Edward Snowden Doesn't Like Authoritarian Regimes—He's Trying To Avoid Prison

Given what awaits him back in the U.S., we should not be surprised by Snowden's recent travel choices.


Last weekend, after the U.S. asked Hong Kong officials to extradite Edward Snowden, the NSA whistleblower traveled from Hong Kong to Moscow. After arriving in Russia, Snowden applied for asylum in Ecuador.

It may seem odd that Snowden, who leaked classified information in the name of civil liberties, would seek asylum in a country that recently passed a restrictive free-speech law, or that he would travel there via two authoritarian countries. Some of Snowden's critics, such as historian Tim Stanley, argue that the whistleblower's journey undermines his cause. "Snowden simply can't pitch himself as an enemy of big government," Stanley wrote in the London Telegraph, "while seeking refuge in countries that have governments bigger than God." Secretary of State John Kerry made a similar argument, asking: "I wonder if Snowden chose Russia or China for assistance because they are such bastions of Internet freedom?" On Capitol Hill a bipartisan group of legislators have mocked Snowden's choice of destinations, saying that there is some sort of hypocrisy in his choice of destinations. Unsurprisingly, some politicians have called Snowden a traitor.

But you shouldn't assume that Snowden is sympathetic to Russian, Chinese, or Ecuadorean policies. At this point he's just trying to avoid ending up in a cage on American soil. If he can do that while steering clear of a police state, he surely will. (Stanley overlooks the fact that Snowden is also seeking asylum in Iceland, hardly an authoritarian enclave.) But if you leak information that is embarrassing to the American government, there aren't many places to seek cover. Generally speaking, your options will be other countries whose governments don't mind embarrassing the U.S.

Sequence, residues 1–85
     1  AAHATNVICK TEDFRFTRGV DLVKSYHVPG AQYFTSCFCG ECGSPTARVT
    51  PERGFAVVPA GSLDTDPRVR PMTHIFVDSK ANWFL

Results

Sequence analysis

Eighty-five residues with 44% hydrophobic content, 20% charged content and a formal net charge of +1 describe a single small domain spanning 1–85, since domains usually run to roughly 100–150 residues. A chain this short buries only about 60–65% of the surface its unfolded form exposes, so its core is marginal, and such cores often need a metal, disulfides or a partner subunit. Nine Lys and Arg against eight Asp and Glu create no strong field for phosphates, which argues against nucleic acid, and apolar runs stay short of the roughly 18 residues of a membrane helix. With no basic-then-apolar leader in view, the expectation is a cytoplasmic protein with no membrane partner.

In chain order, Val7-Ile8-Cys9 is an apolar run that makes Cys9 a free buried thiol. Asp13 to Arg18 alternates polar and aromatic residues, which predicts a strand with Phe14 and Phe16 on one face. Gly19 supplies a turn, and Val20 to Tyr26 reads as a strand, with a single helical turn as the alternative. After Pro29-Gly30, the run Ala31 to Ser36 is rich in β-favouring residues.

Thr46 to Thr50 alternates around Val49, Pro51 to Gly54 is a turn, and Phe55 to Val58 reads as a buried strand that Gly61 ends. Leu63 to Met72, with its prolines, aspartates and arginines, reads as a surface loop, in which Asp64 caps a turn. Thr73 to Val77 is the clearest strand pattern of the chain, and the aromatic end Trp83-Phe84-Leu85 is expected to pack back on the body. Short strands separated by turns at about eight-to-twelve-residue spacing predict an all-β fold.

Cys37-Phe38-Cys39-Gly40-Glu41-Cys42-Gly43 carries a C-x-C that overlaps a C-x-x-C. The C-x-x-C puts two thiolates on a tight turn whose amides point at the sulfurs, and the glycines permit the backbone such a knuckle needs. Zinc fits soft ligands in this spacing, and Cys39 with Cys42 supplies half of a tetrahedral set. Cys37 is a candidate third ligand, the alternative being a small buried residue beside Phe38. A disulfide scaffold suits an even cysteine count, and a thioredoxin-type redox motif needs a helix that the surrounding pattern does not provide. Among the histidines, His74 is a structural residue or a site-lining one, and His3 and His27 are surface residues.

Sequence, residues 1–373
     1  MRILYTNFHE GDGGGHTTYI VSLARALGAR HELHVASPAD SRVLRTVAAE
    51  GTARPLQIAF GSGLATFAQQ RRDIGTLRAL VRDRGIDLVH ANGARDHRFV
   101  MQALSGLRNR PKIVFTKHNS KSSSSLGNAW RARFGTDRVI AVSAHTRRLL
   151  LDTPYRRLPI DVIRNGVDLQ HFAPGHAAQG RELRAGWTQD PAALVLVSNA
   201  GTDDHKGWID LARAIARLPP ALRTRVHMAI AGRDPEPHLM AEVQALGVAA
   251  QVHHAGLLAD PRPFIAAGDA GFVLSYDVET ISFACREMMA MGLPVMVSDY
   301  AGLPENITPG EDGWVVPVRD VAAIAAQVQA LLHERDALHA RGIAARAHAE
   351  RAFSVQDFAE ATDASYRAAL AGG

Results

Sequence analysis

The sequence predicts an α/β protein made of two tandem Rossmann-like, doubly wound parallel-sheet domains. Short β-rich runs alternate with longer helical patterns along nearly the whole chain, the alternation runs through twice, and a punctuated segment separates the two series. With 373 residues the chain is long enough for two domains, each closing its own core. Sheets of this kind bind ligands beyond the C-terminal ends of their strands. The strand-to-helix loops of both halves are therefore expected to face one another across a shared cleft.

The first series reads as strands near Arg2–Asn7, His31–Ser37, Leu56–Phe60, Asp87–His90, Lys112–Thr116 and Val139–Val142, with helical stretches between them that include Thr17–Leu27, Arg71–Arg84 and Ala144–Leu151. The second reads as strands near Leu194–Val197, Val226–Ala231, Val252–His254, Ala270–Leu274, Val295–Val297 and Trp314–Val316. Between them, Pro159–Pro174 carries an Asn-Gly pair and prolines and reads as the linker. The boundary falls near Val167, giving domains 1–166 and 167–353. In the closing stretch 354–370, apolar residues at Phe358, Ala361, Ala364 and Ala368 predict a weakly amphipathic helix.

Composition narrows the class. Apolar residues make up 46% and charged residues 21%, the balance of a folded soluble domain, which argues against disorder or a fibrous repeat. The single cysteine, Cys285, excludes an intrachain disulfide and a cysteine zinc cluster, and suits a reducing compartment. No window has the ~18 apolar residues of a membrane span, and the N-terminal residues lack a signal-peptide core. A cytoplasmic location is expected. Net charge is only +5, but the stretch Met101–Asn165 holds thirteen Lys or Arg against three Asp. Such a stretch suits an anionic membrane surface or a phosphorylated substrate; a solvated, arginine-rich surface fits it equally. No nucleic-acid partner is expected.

Snowden knows, after all, what may await him if he comes home. Bradley Manning, the U.S. Army private who leaked classified cables to Wikileaks, spent over 1,000 days behind bars without trial, including nine months alone in a cell, and was regularly stripped naked at night. Manning faced military justice, of course, while Snowden would be tried as a civilian; but the Obama administration has aggressively pursued civilian leakers too, some of whom have received prison sentences. Given the international attention the NSA revelations have attracted, it is reasonable for us to assume—and even more reasonable for Snowden to fear—that the administration will want to make an example of the leaker. 

If Snowden's application for asylum in Iceland is successful, there remains some hope that there is somewhere in the world where leakers can seek refuge that is not itself home to an authoritarian regime. Iceland has a reputation as a haven for transparency activists, and there is a member of the Icelandic parliament (and onetime Wikileaks volunteer) who says she would support an asylum application from Snowden; an Icelandic businessman, meanwhile, has said his private plane is ready to pick Snowden up at his convenience. But there are no immediate signs that Snowden will be granted asylum there. This may be because the island's new prime minister is considered closer to the U.S. than his predecessor and may not be keen to anger American officials so early in his term.

Hence Ecuador. If the choice is prison in a comparatively free country or freedom in a comparatively authoritarian country, who can blame Snowden for the picking the latter?